I looked online but wasn’t able to find a video demonstrating this technique. Maybe Tony will let me film a demonstration on my next visit.

Here's another example of Tony's cutting technique. The photo below shows the variegated sport of Agave ‘Blue Emperor’ you saw earlier (left) and the plant it came from (right). Tony cut the original plant in half to isolate the variegated segment in hopes of getting a fully variegated offset. He was in luck; the stunning offset on the left is the result. In the meantime, the original plant that had been cut in half completely recovered (on the right), giving Tony an opportunity to cut it again this summer.

Variegated sport of Agave ‘Blue Emperor’ and the partially variegated plant it came from (photo by Tony)

The plants produced by Krock Nursery are primarily sold to collectors overseas. Occasionally, Tony posts a few special plants on eBay under the seller name KrockNursery. The main retail channel for customers in the US is a new Etsy store, which will be expanded in the weeks and months to come.

You can also follow Tony on Instagram under @agavekrock. He regularly posts photos of his cultivated plants as well as from his travels to see agaves in habitat.

© Gerhard Bock, 2024. All rights reserved. To receive all new posts by email, please subscribe here.


  1. That first utahensis is a var. nevadensis! Gorgeous specimens, but not for the impatient gardener.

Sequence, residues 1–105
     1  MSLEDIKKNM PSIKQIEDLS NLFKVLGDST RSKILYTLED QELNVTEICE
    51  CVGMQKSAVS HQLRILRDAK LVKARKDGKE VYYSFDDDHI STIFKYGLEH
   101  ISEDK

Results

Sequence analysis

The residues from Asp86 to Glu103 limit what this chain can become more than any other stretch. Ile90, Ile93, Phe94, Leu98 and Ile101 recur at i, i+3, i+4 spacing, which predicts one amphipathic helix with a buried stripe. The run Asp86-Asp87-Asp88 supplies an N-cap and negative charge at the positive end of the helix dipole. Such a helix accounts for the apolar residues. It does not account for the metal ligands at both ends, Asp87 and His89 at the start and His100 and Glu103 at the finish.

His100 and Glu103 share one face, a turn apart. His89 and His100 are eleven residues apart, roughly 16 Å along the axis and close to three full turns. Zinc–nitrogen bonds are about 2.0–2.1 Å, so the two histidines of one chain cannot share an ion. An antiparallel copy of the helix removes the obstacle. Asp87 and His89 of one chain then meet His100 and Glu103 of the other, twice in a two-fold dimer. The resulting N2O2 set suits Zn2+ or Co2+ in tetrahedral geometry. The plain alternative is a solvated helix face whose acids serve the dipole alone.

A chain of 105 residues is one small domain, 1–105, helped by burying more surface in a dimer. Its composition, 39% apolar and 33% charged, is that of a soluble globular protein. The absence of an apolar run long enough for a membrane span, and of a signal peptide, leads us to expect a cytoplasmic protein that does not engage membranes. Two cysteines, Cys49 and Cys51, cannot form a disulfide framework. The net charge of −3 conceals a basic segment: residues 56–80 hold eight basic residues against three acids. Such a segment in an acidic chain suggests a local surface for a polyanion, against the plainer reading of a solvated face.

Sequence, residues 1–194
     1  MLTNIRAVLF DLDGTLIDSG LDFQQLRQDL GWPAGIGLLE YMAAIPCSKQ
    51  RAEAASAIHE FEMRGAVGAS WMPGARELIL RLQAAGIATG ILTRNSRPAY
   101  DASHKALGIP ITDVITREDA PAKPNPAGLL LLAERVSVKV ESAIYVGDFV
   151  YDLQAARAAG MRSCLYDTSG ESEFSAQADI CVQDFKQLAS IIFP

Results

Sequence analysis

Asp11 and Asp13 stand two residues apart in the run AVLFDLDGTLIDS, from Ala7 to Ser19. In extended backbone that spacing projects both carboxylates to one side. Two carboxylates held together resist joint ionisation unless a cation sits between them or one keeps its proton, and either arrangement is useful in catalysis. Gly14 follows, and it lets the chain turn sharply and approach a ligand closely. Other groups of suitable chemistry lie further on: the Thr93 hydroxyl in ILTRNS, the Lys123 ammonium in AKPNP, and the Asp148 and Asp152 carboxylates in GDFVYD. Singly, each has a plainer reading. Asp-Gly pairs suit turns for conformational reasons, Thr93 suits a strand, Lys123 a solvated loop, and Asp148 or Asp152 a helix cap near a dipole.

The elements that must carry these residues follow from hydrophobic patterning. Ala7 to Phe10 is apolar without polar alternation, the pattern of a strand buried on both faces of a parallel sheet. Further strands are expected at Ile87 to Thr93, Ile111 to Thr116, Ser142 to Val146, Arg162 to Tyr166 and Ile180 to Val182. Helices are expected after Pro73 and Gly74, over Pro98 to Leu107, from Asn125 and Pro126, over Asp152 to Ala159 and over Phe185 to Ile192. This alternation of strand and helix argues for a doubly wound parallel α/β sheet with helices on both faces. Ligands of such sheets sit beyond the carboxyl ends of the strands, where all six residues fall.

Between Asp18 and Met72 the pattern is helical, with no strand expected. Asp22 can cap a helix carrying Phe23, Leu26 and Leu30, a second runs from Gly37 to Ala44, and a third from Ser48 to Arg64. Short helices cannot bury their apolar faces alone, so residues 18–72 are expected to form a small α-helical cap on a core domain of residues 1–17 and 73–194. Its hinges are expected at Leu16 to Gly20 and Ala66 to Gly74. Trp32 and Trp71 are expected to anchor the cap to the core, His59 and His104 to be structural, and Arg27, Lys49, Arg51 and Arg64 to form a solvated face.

2. Utterly remarkable! I sighed over one photo after another in this post but I momentarily stopped breathing when I came to that incredible variegated sport of Mangave 'Lavender Lady'. That Euphorbia was almost frightening, though.

    1. If only Tony were able to propagate that sport of 'Lavender Lady'.

      Yes, that tree euphorbia is a hulking presence :-)

  3. I'm always a sucker for variegation. Tony has some amazing agaves but I think the variegated Mangave is my favourite. Wow! what a special plant. You didn't mention whether you came home with anything. The sheer glory around you must have been irresistable. His method of encouraging pupping is interesting though not sure I would have the courage to cut apart a special plant.

    1. I did get a few things from Tony:
      Agave albopilosa
      Agave pintilla
      Dudleya pachyphytum
      Mangave 'Praying Hands'

  4. Wow! I repeated that many times while I was reading. The mangave is truly magnificent. I really like 'snaggle tooth' and "Krocky' named after him as well. He is braver than I to be slicing these beauties in half, incredible.

    1. Tony is a professional grower, so he does things I would have a hard time doing. He also knows that it works, so that helps.

  5. The Krocks are my agave inspiration. Tony is someone I reach out to talk to whether it be about Agave, Aloe, Dudleya, Cactus or just Life. Has become a long term friend even tho I've never met him in person. Can't ask for better people in this world.

    1. I agree! Tony and Holly not only produce fantastic plants, they're also the nicest people.

  6. Great plants and a beautiful front garden.

    Trying to comprehend what you mean by "cut in half", though. He slices through the growing area of the plant but leaves the root system undisturbed? Or slices all the way though the stem and has two separate plants as a result?

    1. I hope to film a video in April. From what I understand, he cuts the plants in half, roots and all.

  7. Superlatives fail me. All of those variegated agaves..., and especially that sport off of Lavender Lady...

    1. Overwhelming, isn't it, especially when you're not used to seeing such rare plants.

  8. Sweet! Lots of agave eye-candy. So many gorgeous plants. That last series of photos is really messing with my head though. The agave completely recovered from being cut in half!?! My god but plants are amazing.